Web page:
Part of the alienation and then the magic is Spanbauer’s prose style, which is beatnik-ish in an old-fashioned way, using slang and refrains, a lot of fucking this or fucking that, man. His sentences are unconventional and fragmentary: “That old litany in this strange new place, how it made my heart stop.” Or this description of a leather bar: “In front of us, three men deep. Beyond, the bar is dark. Smoky dark. A foggy night, an ocean of men, dark waves. They have a sound, the waves, here and there bursts of pirate laughter, then no laughter.”
It occurred to me to find this lazy, but later the style felt essential, as did the book’s emphasis on friendship. Ben’s story was one of overcoming everything—his crushing mother and sister, his homophobic father and small-conservative-town upbringing, his early marriage to a woman, his own shame for being gay, his later fear and shame over his HIV+ diagnosis—and thus insisting on everything. When your story is all-wrong, truth is only thing you’ve got, and it comes in its own language, at its own pace, possibly without conventional sentences or the commercial narrative arc insisted on by mainstream book publishing (imagine that!). Ben is a gay man who loves a straight man, and they’re just friends, and not even particularly enlightened friends, but the type who can each get sick (Ben with AIDS, Hank with cancer) and be too shamefaced to even call each other, just like men, for twelve years. Sometimes that’s what love looks like.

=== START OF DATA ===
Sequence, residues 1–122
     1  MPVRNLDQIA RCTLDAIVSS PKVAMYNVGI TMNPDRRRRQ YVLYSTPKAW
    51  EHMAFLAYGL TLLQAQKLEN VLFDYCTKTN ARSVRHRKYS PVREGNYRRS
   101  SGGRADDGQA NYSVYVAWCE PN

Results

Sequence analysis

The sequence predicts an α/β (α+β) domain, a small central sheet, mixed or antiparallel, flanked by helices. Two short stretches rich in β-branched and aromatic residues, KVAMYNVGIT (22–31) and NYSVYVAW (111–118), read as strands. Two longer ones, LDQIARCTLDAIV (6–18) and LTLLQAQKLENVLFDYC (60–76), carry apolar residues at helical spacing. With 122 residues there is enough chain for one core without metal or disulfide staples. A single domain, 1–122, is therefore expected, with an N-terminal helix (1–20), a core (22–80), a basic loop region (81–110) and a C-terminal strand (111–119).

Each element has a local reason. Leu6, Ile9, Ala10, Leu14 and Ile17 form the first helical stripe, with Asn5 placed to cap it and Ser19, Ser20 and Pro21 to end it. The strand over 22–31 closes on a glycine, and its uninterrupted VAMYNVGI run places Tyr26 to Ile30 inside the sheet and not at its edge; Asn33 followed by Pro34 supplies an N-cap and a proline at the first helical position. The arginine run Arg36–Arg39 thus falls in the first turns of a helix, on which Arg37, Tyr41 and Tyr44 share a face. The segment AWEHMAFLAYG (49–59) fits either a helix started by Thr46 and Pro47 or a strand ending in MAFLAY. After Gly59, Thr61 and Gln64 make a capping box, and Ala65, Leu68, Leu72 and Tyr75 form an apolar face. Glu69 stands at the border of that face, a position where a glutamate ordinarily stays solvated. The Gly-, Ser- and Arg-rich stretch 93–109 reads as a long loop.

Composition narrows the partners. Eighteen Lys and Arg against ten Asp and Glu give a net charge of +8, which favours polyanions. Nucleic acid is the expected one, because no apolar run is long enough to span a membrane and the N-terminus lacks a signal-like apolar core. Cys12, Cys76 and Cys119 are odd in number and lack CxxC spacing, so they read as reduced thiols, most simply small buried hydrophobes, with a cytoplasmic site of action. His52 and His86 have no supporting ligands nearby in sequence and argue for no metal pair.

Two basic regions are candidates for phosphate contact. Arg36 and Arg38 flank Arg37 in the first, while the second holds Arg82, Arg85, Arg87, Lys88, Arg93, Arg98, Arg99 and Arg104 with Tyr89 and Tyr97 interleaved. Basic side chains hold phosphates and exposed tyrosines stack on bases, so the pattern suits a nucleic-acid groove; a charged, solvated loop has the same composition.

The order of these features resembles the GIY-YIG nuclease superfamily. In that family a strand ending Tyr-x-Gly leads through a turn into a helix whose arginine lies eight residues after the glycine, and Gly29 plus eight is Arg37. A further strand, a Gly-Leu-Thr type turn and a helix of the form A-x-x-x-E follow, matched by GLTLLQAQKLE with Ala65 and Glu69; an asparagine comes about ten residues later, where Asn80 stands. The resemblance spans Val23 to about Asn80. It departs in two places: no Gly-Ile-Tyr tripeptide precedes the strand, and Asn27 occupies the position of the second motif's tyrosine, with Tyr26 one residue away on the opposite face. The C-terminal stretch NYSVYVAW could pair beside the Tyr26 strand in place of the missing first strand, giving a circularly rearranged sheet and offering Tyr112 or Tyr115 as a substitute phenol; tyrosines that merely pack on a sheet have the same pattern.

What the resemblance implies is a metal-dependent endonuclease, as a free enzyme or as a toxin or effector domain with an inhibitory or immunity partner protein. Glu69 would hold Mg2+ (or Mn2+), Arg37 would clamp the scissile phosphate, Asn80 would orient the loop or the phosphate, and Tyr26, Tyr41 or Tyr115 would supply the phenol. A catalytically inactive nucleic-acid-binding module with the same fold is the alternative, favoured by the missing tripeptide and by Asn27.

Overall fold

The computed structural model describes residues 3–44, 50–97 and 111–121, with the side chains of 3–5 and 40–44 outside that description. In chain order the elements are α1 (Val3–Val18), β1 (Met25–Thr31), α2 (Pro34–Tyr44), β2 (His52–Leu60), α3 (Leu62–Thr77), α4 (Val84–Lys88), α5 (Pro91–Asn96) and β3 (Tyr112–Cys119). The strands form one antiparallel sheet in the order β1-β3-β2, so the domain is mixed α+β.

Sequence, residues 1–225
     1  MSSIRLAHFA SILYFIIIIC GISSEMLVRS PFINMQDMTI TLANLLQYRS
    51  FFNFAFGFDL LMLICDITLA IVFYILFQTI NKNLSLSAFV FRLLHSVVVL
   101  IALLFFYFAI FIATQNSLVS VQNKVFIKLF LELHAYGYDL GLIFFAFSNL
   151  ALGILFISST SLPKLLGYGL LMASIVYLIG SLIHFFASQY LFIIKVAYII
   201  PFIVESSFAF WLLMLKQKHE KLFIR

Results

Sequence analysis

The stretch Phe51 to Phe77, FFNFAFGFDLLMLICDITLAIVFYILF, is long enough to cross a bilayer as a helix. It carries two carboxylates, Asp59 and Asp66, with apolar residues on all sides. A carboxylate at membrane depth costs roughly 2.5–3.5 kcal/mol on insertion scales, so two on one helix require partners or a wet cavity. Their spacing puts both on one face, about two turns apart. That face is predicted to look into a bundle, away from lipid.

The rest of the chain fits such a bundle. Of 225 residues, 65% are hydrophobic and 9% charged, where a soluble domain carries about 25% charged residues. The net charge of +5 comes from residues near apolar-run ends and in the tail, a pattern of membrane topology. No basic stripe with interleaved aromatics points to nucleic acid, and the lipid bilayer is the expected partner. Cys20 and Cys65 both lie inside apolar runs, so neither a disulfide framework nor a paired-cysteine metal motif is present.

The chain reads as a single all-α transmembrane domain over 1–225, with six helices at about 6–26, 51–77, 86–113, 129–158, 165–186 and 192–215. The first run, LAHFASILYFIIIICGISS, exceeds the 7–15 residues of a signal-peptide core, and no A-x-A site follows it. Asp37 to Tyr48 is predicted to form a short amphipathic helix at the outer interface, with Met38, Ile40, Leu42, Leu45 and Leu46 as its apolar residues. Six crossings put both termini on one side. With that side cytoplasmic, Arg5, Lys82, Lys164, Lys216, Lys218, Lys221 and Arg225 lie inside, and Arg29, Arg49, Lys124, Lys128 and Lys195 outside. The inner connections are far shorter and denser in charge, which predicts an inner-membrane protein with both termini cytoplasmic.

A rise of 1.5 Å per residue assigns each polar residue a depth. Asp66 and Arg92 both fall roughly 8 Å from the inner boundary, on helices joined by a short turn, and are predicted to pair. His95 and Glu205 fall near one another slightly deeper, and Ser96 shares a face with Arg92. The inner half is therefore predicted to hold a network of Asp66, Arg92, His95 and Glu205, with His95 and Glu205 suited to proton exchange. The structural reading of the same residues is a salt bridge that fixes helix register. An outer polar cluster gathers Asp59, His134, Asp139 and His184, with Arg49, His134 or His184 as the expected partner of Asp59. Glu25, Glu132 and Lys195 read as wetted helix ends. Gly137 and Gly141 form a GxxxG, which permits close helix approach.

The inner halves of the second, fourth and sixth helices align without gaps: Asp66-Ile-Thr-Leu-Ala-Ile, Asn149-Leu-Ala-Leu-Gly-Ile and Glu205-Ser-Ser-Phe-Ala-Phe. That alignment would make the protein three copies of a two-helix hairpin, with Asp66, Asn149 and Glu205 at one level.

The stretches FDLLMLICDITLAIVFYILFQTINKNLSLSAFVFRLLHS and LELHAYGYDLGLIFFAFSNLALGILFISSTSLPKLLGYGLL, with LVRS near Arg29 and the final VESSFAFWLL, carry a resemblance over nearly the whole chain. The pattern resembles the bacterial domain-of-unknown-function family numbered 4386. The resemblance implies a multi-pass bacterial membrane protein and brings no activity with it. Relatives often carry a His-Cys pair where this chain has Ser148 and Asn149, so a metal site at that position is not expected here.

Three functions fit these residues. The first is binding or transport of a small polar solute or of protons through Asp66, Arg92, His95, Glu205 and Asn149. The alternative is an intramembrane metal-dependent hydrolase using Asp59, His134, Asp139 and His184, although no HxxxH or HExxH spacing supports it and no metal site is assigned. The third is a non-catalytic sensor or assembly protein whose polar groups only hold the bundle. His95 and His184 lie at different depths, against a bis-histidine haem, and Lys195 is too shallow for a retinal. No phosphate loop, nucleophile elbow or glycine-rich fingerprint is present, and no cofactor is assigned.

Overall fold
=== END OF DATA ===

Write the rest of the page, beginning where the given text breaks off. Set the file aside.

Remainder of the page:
Here’s one of Spanbauer’s most searing passages: “Seven years married, spiritually dead is right there again, right in my face, ready to devour me again. No longer a line around me that says this is me, this is my space, and you have to acknowledge this space because it’s sacred and that line has to be there because it took my whole life to set up that line and without it I cannot exist.” [Emphasis mine]
This is a book about taking your whole life to be able to tell your own love story—not the one you are supposed to have, but the one that is yours—and then telling it as truthfully as possible.
After the passage quoted earlier about opening a vein and letting truth pour out, here’s what Ben says next, describing anal sex to Hank (who asked, but possibly didn’t really want to know), on a New York City street, one very early morning a long time ago: